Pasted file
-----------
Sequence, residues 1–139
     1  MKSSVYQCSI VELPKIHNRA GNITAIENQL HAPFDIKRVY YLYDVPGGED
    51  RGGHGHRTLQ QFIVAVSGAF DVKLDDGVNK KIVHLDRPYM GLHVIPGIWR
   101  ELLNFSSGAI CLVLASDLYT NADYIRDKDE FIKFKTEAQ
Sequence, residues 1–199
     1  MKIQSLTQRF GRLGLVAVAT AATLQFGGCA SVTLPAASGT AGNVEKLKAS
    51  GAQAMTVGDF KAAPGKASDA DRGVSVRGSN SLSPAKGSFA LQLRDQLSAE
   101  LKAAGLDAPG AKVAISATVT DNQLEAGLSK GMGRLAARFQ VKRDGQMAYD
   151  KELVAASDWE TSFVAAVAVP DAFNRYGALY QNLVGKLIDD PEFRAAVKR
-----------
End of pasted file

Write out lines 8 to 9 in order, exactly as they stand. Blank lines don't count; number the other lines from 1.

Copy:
   101  LKAAGLDAPG AKVAISATVT DNQLEAGLSK GMGRLAARFQ VKRDGQMAYD
   151  KELVAASDWE TSFVAAVAVP DAFNRYGALY QNLVGKLIDD PEFRAAVKR